After all, it’s tempting for the premier. In one fell swoop he can hope to bring the magic rain on his local voters, who might expect to benefit from jobs as cleaners and servers for the massive influx planned of tourists into such a resort on their island. However, in a proper management of such issues of development, there ought to be full due process and consideration given, proper tendering, planning and all the rest. There should be full scrutiny of the models being proposed, the consequences of what is being proposed and who really will benefit in the end. In a democracy, it is the wider population who must expect to gain most. For example, do Langkawi residents really want to host a mega-resort on their island with tens of thousands of cheap travellers pouring in to soak up water, make filth, cause trouble, create prostitution issues and drug worries and all the rest of the social ills that inevitably accompany such resorts? Are they ready for the environmental effects on their waters, their reef, natural plants and sea life? Do they appreciate that soon their island with its tower block hotels will become a magnet for incoming workers from across Asia, who will undercut their own sons and daughters when it comes to competition to work in the hotels and restaurants etc?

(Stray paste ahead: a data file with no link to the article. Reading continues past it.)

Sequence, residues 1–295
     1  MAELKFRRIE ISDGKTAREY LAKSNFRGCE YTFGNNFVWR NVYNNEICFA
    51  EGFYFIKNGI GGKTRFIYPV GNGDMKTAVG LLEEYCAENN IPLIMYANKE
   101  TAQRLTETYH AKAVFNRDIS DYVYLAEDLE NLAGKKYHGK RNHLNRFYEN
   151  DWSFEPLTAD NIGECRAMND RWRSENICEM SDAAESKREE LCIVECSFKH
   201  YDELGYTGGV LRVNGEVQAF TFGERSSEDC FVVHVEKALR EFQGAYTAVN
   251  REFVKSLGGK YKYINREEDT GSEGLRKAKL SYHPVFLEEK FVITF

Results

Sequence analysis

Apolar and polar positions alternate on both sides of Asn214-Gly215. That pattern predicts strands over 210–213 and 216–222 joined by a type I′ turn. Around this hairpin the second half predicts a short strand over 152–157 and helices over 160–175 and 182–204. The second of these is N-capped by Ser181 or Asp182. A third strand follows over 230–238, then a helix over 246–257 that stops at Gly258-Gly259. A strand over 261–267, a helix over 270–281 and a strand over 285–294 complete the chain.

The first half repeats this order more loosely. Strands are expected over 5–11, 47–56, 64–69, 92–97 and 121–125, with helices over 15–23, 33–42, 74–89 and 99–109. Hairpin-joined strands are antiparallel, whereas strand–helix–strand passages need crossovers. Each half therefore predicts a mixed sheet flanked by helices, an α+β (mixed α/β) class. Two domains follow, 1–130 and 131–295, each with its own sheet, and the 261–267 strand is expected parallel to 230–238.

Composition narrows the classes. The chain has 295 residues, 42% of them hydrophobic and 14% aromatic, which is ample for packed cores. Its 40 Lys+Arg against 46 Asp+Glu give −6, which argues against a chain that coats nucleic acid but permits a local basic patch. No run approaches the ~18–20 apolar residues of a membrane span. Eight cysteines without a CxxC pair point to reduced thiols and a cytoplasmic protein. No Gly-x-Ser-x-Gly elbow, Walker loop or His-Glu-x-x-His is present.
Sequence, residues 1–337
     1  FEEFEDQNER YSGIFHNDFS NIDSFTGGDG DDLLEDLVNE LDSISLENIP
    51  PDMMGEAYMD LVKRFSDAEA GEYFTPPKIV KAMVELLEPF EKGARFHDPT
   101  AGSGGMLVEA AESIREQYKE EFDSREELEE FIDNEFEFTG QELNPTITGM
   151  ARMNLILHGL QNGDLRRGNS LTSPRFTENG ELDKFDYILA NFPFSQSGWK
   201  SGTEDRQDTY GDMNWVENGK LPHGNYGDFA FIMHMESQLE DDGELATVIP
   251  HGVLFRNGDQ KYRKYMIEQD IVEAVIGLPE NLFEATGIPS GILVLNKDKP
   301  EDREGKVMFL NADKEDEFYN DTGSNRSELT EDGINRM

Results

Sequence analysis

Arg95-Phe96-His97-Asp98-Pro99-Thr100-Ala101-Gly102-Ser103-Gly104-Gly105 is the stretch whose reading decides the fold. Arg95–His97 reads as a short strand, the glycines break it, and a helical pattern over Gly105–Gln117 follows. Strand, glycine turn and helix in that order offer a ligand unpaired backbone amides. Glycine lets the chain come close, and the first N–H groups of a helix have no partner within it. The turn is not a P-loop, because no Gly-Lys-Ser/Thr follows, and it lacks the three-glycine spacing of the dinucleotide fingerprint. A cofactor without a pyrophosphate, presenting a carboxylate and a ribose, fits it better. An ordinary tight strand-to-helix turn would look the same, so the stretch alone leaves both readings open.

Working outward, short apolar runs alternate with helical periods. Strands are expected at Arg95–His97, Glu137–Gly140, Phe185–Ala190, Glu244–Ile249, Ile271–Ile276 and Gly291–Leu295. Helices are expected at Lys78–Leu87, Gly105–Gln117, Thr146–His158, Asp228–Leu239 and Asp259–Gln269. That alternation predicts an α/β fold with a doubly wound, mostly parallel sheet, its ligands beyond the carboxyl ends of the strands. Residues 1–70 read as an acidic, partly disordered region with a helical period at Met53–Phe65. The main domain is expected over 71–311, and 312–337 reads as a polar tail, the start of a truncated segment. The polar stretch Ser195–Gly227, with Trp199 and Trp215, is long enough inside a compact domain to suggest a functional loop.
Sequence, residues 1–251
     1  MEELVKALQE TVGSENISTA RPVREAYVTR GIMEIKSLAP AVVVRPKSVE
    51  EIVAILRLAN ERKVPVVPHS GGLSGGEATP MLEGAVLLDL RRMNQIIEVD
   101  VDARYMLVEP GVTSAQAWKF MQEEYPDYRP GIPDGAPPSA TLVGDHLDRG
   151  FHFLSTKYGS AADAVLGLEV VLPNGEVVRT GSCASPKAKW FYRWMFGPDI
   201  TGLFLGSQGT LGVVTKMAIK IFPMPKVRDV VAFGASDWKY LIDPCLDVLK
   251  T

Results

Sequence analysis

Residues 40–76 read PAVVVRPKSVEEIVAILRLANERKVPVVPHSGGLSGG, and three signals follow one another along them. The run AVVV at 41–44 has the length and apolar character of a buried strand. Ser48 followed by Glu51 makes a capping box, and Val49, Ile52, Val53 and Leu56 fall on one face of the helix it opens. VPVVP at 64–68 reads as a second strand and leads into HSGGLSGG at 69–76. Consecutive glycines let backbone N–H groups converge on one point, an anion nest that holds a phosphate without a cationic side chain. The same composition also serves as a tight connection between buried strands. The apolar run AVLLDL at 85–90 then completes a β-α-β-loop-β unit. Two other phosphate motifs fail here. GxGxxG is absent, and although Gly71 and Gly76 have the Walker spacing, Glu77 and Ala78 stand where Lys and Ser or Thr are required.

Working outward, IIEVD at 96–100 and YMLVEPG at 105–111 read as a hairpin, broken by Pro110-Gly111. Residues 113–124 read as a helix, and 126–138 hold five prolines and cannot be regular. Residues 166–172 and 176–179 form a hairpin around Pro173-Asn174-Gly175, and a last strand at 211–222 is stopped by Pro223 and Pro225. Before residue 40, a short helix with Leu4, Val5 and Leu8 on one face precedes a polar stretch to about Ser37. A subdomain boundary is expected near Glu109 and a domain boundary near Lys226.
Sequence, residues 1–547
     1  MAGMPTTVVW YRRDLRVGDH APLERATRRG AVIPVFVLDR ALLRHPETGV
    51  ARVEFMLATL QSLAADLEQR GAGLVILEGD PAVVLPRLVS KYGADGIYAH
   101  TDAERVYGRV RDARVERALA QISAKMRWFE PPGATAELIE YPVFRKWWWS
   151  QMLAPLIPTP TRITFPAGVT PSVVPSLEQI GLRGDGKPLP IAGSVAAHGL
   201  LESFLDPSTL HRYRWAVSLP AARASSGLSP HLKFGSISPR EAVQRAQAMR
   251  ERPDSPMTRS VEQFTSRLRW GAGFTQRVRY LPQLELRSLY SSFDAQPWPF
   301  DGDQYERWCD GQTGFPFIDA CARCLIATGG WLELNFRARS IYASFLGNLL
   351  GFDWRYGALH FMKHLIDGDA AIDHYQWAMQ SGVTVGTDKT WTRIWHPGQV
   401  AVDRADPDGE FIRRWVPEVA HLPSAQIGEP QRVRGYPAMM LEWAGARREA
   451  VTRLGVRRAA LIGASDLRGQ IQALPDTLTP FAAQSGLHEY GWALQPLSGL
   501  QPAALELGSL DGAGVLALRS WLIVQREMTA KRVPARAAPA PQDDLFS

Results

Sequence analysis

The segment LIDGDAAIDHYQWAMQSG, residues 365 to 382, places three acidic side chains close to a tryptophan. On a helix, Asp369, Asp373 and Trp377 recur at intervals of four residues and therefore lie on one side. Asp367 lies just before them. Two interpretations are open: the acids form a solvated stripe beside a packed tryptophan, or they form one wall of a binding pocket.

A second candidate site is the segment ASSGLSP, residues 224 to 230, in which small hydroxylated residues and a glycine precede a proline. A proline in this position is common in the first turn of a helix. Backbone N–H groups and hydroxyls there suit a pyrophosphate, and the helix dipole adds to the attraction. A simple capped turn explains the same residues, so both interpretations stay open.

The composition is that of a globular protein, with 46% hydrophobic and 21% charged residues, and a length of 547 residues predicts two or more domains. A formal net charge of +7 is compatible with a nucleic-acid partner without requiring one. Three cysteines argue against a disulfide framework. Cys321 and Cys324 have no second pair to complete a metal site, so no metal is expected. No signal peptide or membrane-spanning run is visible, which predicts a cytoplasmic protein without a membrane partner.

A study ought to be made of the impact of mega-modern hotel complexes from Hawai, to Benidorm to Pataya beach in Thailand before the people of Langkawi are subjected to what would be the tranformation of their island, not necessarily for the better. Indeed, any such mega-project ought to be the subject of a proper 360 review by an independent special planning enquiry, involving a full local consultation process for local people to understand, evaluate and decide on such a life changing transformation that might benefit them far less economically than promised. After all, what did Ting Pek Khing’s Bakun project do for the refugee communities displaced by that mega-dam, which was meant to economically transform Sarawak? They had all been previously promised this project would enrich them, yet it has destroyed their beautiful homeland and left them impoverished. There is also the thorny issue of where Mr Ting Pek Khing’s financing will come from. Full transparency on that matter is required, not least because of his closeness to Taib Mahmud, whose management of Sarawak has made the kleptocracy of characters such as Najib Razak pale into insignificance.
Indeed, to place such a mega-project into the hands of a single financier, in itself can run several risks, especially given that this ‘grand plan constructor’ has plunged into bankruptcy before on just these sorts of ventures. An economic case needs to be made for this old boy’s mega-plans, so that Langkawians do not end up with something completely different from what was promised (a ‘classy resort’ could end up a sleezy sink if things go wrong). It is entirely probable, that a more restrained, sophisticated, lower key investment would in fact benefit Langkawi people better. Less, but richer tourists; less, but better jobs and less impact on the environment, so that they keep their island beautiful and safe – a place still nice to live in. These sorts of issues need thought and transparency and public debate. It is not for one rich and controversial entrepreneur with dubios connections just to make the offer nor for the new MP just to accept the offer, over a couple of deal making discussions where no one else gets a chance to make wider concerns heard.